framed pictures in her bedroom alone, and 10 more downstairs. All are silver
plate, pewter or sterling. Many show Sally and her daughter, Samantha, at
various points in life.
The antique dolls are an outgrowth of the doll
collection she had as a child. Her mom saved many of the pieces she still has
today; some of those were "Vogue dolls" (little girl dolls wearing cute
clothing). "My Aunt Aggie made their dresses," Sally said. "Mom used to tell me,
'Never forget the child within you.' She gave me one of my old dolls in a glass
case with that inscribed on the card."
Once, when Struthers was booked to
appear on Marie Osmond's TV variety talk show, Marie asked her if she had any
dolls. (Marie has a fabulous doll collection and has even opened a doll museum).
"She got all excited about my miniatures and asked me to bring one to the
studio," Sally recounted. "When I showed it to her, she thanked me and took it.
She thought it was a gift!"
It wasn't, but Sally was too nice (and
embarrassed) to say so.
The angel figurines began with godson Alex's gift
from about six years ago. It's a resin piece, about 7" tall, with the angel
holding a bouquet of flowers, in a handsome gown and with beautiful wings. Now,
when she sees one she likes, she buys it. Her collection, about 12 angels in
all, comprises wood, bisque, crystal and resin.
The collection of Scotty dogs
began about three years ago when Sally got Bob, her dog of the same breed. "I'm
Scottish myself and I'd always wanted a Scotty," she said, "but until recently
all the dogs I'd lived with were larger breeds, like Labs and Newfoundlands. I
named Bob after my father, who was a general practice doctor. It's fun walking
with him and just saying, 'Come on, Bob!'"
Actually, she picked up a few
stuffed Scotties, pre-Bob, but now the floodgates have been opened, with Scotty
pillows, Scotty figurines scattered throughout the house, an apron with Scotty
dogs all over it, and about a half-dozen stuffed Scotties. "One's so real
looking it's scary," she said. Sally added Scotty dogs have been popular as a
collectible since the days of FDR's Scotty, Fala.
The wedding cake toppers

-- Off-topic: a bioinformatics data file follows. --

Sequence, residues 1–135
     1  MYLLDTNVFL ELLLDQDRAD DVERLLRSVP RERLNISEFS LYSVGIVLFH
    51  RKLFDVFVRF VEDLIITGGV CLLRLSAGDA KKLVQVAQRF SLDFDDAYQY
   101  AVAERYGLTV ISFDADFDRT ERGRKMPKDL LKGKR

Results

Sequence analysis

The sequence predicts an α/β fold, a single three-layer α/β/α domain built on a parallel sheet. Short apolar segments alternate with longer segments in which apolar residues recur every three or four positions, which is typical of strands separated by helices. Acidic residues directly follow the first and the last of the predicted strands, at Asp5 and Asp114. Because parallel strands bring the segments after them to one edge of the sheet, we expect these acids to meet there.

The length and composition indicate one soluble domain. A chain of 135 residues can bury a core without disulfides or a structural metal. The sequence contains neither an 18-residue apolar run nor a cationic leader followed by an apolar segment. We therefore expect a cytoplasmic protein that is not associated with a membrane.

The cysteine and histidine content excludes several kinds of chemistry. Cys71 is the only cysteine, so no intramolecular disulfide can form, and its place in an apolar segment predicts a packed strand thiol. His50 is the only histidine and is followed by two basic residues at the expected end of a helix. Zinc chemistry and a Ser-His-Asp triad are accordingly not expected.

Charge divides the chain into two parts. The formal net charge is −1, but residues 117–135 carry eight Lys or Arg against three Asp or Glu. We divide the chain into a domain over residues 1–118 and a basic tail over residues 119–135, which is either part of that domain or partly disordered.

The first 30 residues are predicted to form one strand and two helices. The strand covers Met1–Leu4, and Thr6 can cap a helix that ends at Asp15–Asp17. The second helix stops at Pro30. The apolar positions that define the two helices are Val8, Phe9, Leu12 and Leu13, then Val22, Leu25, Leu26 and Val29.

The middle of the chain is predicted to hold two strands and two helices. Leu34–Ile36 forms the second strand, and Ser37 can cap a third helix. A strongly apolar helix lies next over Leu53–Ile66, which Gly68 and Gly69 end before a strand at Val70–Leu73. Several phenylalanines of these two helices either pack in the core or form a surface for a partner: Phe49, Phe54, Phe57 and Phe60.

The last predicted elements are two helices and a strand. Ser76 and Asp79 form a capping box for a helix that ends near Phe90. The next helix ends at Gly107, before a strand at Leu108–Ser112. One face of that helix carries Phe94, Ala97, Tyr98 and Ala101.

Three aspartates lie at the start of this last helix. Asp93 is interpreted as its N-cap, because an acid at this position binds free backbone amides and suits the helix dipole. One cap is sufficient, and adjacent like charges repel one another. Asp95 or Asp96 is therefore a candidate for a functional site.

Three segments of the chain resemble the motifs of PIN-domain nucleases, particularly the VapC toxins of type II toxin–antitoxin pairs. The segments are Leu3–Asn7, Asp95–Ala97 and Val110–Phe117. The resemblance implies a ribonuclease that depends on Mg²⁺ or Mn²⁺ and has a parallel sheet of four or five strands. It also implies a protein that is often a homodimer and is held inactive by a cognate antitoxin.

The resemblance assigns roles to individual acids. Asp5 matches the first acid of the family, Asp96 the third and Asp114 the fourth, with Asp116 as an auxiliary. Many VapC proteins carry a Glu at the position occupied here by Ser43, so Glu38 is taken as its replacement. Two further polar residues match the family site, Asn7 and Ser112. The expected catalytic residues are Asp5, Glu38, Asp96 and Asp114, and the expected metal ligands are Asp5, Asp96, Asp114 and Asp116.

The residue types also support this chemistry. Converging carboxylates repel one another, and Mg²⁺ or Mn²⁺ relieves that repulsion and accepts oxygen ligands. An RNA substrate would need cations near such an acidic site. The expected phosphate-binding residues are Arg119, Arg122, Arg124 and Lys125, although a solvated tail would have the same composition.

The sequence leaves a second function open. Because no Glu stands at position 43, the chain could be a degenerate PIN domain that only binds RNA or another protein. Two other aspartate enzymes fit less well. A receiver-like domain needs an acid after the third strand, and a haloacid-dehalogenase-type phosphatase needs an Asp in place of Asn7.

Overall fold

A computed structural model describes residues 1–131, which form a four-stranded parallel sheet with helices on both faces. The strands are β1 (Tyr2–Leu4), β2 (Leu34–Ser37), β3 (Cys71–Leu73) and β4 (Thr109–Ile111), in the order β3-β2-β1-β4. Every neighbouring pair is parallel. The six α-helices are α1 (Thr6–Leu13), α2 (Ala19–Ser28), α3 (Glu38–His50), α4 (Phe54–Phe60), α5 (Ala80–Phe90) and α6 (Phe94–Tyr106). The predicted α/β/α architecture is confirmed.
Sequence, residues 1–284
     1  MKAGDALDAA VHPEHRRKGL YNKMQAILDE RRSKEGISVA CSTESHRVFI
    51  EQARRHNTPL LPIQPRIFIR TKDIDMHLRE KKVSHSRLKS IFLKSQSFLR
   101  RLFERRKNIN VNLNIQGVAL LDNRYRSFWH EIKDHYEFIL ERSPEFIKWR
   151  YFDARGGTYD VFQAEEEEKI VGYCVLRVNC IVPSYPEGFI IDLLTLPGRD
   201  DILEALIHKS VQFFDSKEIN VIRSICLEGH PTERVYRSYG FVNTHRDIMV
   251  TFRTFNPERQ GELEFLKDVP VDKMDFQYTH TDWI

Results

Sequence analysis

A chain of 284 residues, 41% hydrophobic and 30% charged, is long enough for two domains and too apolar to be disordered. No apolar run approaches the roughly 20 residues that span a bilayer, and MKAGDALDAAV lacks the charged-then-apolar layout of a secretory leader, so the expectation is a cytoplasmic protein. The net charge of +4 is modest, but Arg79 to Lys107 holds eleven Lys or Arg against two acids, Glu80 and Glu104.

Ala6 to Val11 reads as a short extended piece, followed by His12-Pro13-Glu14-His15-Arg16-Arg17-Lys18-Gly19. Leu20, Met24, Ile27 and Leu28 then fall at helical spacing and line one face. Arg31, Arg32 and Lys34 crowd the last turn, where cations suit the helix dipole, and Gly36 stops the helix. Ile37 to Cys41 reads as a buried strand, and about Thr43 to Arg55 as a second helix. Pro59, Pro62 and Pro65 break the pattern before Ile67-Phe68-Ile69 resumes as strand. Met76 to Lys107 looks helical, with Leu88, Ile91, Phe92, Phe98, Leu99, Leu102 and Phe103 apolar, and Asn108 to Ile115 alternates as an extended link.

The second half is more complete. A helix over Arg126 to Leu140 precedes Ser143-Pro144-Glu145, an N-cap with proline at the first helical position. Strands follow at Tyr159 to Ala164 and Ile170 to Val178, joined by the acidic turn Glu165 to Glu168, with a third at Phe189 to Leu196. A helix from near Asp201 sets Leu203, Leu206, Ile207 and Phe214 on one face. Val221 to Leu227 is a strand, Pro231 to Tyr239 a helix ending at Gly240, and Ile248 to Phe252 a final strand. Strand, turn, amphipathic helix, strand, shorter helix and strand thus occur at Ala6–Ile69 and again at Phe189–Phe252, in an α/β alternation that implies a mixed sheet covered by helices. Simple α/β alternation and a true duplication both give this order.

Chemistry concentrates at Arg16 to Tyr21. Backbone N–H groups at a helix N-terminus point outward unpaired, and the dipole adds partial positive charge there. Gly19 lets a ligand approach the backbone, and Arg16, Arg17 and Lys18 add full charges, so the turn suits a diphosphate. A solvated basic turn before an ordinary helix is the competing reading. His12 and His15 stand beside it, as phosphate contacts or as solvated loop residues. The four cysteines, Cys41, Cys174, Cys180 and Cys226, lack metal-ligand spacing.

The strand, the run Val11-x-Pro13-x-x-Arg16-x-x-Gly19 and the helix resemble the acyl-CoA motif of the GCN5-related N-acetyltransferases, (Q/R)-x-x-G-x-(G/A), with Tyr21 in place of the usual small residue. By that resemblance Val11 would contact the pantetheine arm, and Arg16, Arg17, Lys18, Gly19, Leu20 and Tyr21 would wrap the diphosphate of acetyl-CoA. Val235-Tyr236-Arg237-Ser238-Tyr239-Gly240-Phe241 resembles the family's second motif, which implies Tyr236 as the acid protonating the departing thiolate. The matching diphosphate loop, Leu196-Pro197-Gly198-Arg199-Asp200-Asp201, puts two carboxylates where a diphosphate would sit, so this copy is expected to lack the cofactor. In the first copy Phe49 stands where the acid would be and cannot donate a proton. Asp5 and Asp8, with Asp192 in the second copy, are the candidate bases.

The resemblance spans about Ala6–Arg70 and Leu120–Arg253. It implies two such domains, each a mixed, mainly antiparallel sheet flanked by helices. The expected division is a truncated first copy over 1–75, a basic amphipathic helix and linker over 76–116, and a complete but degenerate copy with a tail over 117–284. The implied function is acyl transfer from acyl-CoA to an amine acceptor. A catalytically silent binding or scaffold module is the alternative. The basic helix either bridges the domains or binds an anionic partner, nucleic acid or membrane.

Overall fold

(yes, those plastic brides and grooms) were born from a trip to her hair
stylist's house. "Bonnie Clevering, who's done Julia Roberts' hair in all of her
movies, was styling my hair for a film and she had me over one day," Struthers
said. "She had all these wedding cake toppers in a cabinet. I thought they were
so cute and different, I started collecting them, too."
She's got brides and
grooms that are standing, sitting, bride on left, bride on right, one set with a
Kewpie doll theme, one groom that looks just like Jimmy Stewart and more --
10-1/2 sets in all. Wait -- 10-1/2? "I've got a bride with no groom," Sally
said. "She's holding a bird in her hand. Either the groom got lost somewhere
along the way or the poor thing got stood up at the alter."
bottles she has about a dozen are mostly from the '20s, '30s and '40s. They
are, appropriately enough, displayed in an old pharmaceutical hutch marked
"Perfumary Dispensing." It was made in the '20s and has glass doors. The wedding
cake toppers are kept in there, too. "I like the old perfume bottles because
they're so fancy and Art Deco-ish," she said.
The decorative pillows,
totaling about 25 pieces, are from the '20s and '30s. "That was a time when
people hand-embroidered pillows with sweet, whimsical designs, and I just love
them," Sally said. "They can make any place you toss them a little more cozy."
Ten pillows occupy space on her bed. One, a gift from her sister Susan, is
yellow and heart-shaped, showing a lady with a bonnet.